CPI(M) general secretary Prakash Karat's stock is trading at very low levels among Bengal comrades these days. In fact, the decision to pull the plug on the UPA government has stirred off the first rumblings of discontent in the state unit. The criticism stems from a latent fear of facing the electorate (inevitable if the UPA loses the trust vote on July 22) at a time when the party is still reeling from the reverses in the recent panchayat/municipal polls.
Add to this the severe discomfiture of the Bengali Marxist at the prospect of being seen as colluding with the 'communal' BJP. Several state leaders have already obliquely criticised Karat and the ideologues at AKG Bhavan. As a senior CPI(M) MP lamented, "Karat and the others decide the party line in Delhi but they know nothing of realpolitik. They have never even contested a municipal poll. If early elections are forced on us, our tally will go down sharply. Then where will we have the numbers to influence national politics? The top leadership should be more pragmatic."
CPI(M) central committee member Hanan Mollah was among the many who told Outlook that voting with the BJP would alienate Muslim voters. State minority affairs minister Abdus Sattar, for one, is feeling the heat. "The Congress and Trinamool have launched a campaign in rural Bengal highlighting this and it'll be tough convincing our supporters that we didn't join hands with communal forces," he says.
The Bengal delegation will take up these issues and others at the party central committee meet on July 19-20. An open revolt may not happen, but it's certain that the party leadership is in for a hard time. As was evident from this statement from politburo member Benoy Konar, considered to be a hardliner himself: "If the leadership takes any wrong decision, it can be amended at the next central committee meeting. That's how our party functions."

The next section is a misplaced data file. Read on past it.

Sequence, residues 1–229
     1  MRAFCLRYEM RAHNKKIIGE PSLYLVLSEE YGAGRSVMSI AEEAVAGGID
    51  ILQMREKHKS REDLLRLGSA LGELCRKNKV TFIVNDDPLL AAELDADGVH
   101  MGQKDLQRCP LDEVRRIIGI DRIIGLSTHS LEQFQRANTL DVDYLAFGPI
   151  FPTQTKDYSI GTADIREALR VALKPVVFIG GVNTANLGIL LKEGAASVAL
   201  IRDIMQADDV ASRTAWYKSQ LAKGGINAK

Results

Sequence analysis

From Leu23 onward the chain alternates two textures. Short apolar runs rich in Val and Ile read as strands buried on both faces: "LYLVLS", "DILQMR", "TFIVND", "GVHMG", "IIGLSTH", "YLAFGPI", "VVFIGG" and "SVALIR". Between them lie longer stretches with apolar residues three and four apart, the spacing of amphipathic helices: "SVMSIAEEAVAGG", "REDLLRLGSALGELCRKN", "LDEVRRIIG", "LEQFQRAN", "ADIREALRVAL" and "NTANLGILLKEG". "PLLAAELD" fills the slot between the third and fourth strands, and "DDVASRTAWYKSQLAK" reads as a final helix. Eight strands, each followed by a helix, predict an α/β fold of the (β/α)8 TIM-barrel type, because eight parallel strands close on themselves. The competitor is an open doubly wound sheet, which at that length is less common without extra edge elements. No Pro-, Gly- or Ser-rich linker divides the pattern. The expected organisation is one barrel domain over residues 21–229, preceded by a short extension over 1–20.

It may all be mere sabre-rattling, but it's enough indication of the anger among Bengal's Marxists. Konar's comments make it clear that the pullout decision was a unilateral one. "This turn of events was unexpected. The last central committee did not decide on withdrawal of support and a post-pull-out scenario. We were sure we would be able to stop the deal," he says.
Others in the party accuse the CPI(M) general secretary of being politically naive. "He (Karat) gave us the impression that the Congress wouldn't proceed with the deal. A report at the end of the party congress at Coimbatore (March-end) also gave this impression—it said we've been able to successfully block the deal. It's now clear the politburo had no idea of the Congress's determination to go ahead or its plan to tie up with Mulayam's SP. We were not savvy enough to predict Congress intentions or its resolve," one politburo member told Outlook. You get as good as you give, the Marxist boss is certainly getting the thumbs down from some of his comrades.
- Login | Register
- Current Issue
- Most Read
- Previous Issues